A groundbreaking ceremony was held on July 21 for the fourth and final power unit of the Akkuyu Nuclear Power Plant (NPP) in the southern province of Mersin.
“The Akkuyu Nuclear Power Plant will alone meet 10 percent of the country’s electricity demand with four reactors when it becomes fully operational,” Energy and Natural Resources Minister Fatih Dönmez said at the ceremony.
Alexey Likhachev, the director general of ROSATOM, Ali Hamza Pehlivan, the governor of Mersin, and senior Turkish and Russian officials also attended the ceremony.
The Akkuyu plant will prevent 35 million tons of carbon emission annually, and during its service life of 60 years, this amount will reach 2.1 billion tons, the minister also said.
“Works go as planned and simultaneously on the construction site for the power plant,” Dönmez said, saying that Akkuyu was one of the largest projects in the world.
Some 80 percent of the people working on the project are Turks, including more than 600 engineers, according to the minister. “Türkiye has sent 317 students to Russia so far, and 246 engineers completed their education there and returned to work at the Akkuyu plant.”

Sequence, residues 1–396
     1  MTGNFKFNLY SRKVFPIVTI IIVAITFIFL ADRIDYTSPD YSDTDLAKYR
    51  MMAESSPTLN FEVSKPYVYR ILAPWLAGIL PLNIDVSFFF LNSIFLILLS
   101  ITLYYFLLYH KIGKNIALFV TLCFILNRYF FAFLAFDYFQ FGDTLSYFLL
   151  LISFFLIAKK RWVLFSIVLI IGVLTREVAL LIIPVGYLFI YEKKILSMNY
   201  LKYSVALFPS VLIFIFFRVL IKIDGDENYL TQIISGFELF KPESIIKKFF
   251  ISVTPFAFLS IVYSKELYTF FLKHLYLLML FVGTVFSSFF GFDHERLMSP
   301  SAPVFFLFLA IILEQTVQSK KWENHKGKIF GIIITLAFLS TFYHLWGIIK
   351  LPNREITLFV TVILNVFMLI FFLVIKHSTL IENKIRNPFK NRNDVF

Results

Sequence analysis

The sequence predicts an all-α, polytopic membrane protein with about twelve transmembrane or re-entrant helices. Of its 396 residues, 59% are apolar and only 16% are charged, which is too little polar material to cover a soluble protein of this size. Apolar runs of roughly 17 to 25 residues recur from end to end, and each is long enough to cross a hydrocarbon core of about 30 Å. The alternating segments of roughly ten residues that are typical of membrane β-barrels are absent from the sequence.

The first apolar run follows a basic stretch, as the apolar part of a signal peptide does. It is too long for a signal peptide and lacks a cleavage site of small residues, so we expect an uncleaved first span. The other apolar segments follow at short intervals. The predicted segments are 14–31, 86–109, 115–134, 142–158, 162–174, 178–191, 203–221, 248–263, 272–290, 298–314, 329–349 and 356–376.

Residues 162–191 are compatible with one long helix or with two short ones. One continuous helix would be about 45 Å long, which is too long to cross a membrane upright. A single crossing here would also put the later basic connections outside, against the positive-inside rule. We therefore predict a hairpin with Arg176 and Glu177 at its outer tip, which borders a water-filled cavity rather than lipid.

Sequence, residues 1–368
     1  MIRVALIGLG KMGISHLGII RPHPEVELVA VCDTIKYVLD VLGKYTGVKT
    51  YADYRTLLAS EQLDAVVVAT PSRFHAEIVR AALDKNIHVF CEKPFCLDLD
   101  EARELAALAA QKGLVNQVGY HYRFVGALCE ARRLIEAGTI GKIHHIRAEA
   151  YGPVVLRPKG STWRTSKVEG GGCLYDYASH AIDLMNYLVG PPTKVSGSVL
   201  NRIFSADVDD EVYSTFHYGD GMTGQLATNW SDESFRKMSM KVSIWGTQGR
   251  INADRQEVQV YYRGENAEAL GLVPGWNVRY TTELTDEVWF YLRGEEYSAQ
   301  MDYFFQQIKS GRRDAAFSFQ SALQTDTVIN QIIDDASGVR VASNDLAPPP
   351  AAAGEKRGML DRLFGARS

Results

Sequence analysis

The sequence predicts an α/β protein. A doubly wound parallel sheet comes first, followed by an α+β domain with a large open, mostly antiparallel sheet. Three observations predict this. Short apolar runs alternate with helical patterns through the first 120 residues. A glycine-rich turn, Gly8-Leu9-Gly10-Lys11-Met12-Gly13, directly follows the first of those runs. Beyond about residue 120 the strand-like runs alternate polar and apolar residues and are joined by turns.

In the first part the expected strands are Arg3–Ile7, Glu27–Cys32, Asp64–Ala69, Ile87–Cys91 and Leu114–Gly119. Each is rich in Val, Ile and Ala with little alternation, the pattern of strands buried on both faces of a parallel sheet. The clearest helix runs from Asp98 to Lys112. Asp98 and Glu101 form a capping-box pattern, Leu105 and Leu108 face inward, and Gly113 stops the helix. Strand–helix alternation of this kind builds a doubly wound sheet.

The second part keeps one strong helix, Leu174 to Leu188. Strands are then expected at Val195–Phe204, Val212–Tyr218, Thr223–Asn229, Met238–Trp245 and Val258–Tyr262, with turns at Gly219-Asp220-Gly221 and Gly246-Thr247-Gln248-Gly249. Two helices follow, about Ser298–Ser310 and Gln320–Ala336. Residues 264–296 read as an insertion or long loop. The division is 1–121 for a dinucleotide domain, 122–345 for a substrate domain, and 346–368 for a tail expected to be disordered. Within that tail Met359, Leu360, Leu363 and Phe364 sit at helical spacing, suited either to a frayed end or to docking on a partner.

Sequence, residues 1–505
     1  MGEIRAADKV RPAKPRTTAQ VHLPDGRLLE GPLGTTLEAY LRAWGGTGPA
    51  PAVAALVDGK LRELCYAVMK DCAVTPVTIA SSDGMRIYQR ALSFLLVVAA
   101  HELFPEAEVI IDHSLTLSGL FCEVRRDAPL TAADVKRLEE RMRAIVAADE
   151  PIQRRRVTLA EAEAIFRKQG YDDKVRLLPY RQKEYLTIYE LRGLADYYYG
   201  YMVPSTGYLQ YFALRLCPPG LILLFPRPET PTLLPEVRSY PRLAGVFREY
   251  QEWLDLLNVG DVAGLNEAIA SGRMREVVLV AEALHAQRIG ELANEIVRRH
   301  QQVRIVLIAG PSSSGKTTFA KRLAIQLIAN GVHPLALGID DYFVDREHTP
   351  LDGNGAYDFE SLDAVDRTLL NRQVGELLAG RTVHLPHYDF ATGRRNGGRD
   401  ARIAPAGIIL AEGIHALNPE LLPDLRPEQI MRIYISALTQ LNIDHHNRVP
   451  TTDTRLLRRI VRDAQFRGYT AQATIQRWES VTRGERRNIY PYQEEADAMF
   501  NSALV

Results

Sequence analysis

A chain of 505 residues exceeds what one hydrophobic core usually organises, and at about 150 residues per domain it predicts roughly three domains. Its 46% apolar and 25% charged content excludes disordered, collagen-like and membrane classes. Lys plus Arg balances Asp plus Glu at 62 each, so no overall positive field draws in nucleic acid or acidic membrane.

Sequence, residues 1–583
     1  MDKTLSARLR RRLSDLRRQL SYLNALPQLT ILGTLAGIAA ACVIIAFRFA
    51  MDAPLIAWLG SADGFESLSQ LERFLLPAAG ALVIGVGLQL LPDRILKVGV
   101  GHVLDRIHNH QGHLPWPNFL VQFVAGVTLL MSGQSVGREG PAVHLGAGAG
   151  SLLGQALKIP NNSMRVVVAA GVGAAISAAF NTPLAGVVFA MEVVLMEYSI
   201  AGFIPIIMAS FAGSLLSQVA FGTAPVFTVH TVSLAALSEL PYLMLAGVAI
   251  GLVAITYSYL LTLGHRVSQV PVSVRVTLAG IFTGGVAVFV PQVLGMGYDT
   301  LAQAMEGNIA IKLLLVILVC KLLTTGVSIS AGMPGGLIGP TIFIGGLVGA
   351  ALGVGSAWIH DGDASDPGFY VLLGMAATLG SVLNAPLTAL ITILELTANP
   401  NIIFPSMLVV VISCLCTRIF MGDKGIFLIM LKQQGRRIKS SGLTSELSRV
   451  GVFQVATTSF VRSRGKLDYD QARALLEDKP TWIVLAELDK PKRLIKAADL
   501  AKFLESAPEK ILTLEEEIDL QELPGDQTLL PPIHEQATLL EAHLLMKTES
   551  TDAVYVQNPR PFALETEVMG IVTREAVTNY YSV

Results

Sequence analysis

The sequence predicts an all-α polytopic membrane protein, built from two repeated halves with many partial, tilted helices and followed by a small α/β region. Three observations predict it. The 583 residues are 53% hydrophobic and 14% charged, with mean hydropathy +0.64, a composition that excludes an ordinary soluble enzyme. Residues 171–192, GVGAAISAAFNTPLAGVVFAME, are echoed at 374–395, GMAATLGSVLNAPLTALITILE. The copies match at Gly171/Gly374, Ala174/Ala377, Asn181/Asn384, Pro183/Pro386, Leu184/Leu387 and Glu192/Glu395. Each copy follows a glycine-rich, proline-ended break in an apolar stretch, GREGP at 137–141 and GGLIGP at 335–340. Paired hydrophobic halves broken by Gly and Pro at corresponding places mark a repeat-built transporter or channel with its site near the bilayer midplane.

Dönmez noted that Türkiye would have to import additional 420 billion cubic meters of natural gas if it had built a natural gas-powered plant similar in size to Akkuyu. “This is more than eight times the country’s current natural gas import,” the minister said.
The operation of the plant’s first unit is due to start in 2023 when the country will celebrate the 100th anniversary of the republic. All the units are set to come online by the end of 2026.
The plant, which will have four power reactors upon completion, will have a total installed capacity of 4,800 megawatts. It will produce 35 billion kilowatt-hours of electricity annually when it becomes fully operational.
An intergovernmental agreement for the Akkuyu NPP was signed between Türkiye and Russia in May 2010.
The nuclear power plant’s groundbreaking ceremony was held in April 2018.
Hurriyet Daily News